Intergiro is usually in a town that sponsers it (usually some minor prize on offer).
|Thanks, and another question on the 1km rule||vindicator|
May 16, 2003 11:04 AM
|Assume you and I are in the middle/rear of the pack, and the pack all cross the 1km line together, then there's a crash that delays us and 8 other riders. 20 riders were in front of the crash and weren't affected. Of those 20, 4 contest the sprint and they all finish at 4:00:00, 3 more at 4:00:02, and 13 at 4:00:10. The 10 of us finally get clear of the crash, but we divide over the last 1km and 5 of us (including you) finish in 4:03:00 and 5 of us (including me) at 4:03:05. What time do you and I get credited with?
|From stage 1 of Giro.||Dwayne Barry|
May 16, 2003 11:27 AM
|Popovych (a minor favorite for the top-10 in GC), crashed inside the final kilometer and finshed about 2 minutes down, but was given the same time as the stage winner, Petacchi. However, there was a "natural" split in the bunch and only a handful of guys finished with Petacchi's time, most everyone else lost a few seconds. So in effect Popovych picked up a few seconds on the other GC contenders, they complained, and Popovych's time was changed to the same time as the main bunch and not Petacchi's group.
So, I imagine this is just something that is decided by the race jury. In your scenario, I would guess that everyone delayed by the crash would get the same time as the 13 riders who represent the main bunch, as it is.
But the spirit of the rule, is designed to prevent GC favorites from losing time due to a stupid crash in a sprint finish. Right now, some riders are calling for extending the "safety window" out to 3 or even 5k, so that GC riders and their teams don't have to be at the front protecting their GC rider and mixing it up with the sprinters team until the final km when they can back off.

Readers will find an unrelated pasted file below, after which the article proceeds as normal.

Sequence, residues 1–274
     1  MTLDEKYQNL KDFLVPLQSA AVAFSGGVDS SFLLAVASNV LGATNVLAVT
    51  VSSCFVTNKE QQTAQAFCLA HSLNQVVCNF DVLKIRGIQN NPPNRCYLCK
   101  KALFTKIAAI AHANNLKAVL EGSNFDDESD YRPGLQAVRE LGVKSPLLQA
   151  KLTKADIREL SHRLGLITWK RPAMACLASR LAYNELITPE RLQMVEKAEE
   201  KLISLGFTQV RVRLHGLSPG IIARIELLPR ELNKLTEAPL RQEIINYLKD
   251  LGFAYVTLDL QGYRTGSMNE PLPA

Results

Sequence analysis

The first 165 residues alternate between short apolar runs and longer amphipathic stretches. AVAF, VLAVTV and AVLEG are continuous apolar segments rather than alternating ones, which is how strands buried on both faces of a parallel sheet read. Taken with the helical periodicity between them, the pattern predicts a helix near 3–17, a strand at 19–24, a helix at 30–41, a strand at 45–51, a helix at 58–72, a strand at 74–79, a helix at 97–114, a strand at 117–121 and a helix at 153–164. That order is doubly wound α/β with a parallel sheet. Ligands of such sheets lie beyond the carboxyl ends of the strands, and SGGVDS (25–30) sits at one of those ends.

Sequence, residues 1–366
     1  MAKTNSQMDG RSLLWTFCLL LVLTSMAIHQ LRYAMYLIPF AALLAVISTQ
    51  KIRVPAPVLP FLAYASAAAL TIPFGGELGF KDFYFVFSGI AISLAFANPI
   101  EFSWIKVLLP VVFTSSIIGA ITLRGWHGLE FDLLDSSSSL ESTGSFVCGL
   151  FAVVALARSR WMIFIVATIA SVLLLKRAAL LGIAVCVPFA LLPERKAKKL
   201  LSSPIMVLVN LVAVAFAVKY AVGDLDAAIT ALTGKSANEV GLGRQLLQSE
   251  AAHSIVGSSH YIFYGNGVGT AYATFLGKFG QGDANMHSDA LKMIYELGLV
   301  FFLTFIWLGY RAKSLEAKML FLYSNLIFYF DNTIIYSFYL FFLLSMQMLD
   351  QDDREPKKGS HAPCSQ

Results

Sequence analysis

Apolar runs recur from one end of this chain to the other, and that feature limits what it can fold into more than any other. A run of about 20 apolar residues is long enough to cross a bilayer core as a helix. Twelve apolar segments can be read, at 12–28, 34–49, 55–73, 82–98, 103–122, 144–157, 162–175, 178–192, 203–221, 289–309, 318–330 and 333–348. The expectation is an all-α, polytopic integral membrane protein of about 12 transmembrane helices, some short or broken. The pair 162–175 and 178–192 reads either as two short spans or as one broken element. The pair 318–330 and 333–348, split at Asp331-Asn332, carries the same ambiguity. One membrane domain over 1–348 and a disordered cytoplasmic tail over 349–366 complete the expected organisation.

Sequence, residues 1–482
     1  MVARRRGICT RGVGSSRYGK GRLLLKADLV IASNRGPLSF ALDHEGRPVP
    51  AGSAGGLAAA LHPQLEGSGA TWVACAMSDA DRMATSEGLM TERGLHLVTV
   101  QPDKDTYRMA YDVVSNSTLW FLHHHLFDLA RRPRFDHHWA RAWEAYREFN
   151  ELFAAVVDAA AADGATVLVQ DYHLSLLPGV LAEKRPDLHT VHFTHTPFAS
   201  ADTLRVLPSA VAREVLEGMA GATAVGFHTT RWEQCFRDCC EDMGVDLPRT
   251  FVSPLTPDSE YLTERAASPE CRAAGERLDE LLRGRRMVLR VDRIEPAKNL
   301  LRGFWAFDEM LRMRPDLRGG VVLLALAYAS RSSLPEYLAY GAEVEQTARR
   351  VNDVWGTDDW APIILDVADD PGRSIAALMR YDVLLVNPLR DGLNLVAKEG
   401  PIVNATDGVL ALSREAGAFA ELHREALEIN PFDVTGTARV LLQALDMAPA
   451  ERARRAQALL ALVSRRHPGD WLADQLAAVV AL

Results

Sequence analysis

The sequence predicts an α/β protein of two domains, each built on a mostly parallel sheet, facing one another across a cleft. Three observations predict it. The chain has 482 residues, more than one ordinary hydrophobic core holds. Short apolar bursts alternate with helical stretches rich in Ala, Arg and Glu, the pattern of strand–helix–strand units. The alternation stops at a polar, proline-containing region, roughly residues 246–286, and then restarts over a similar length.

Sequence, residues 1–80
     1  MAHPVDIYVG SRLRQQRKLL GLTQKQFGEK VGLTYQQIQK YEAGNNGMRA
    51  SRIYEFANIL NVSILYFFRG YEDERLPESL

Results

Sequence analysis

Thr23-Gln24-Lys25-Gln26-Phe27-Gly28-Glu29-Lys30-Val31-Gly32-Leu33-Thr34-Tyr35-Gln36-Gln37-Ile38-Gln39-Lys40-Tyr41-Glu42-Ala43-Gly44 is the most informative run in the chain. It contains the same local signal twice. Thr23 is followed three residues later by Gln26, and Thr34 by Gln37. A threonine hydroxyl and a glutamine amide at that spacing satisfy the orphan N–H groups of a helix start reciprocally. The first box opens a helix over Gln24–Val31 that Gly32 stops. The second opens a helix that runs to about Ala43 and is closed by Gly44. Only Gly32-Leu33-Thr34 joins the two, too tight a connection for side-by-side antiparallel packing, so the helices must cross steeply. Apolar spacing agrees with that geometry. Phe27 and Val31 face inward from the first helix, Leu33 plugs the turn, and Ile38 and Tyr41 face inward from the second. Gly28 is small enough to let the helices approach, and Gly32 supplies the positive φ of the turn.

|Tour de France||Dwayne Barry|
May 16, 2003 10:46 AM
|Much more simple:
GC is the same.
Mountains basically the same except there are cat. 4 thru cat. 1 climbs, and then even HC climbs (hors categorie, which means above category and offer the most/deepest points). I think the Giro only designates cat. 3 to 1 climbs, and then there is the Cima Coppi prize which is the high point of the Giro (not sure if there are more points for this than a cat. 1 climb).
In the Tour the points competition can more rightly be called a sprinter's competition because there are more points on offer on flat stages than on mountain stages. Plus, there are lots of intermdiate sprints out on the stages that offer points and time bonuses (like 2 or 3 during each stage). There is no competition like the intergiro in the tour.
The other competition that is important in all grand tours is the team competition because winning it in any grand tour gets you an invite to all the grand tours the following year. This is usually calculated by adding the times of the 3 best finishers on each stage from each team. Lowest aggregate time at the end wins.
The tour also has a best young rider competition (white jersey) which is nothing more than the highest placed GC rider under a certain age (25 I think).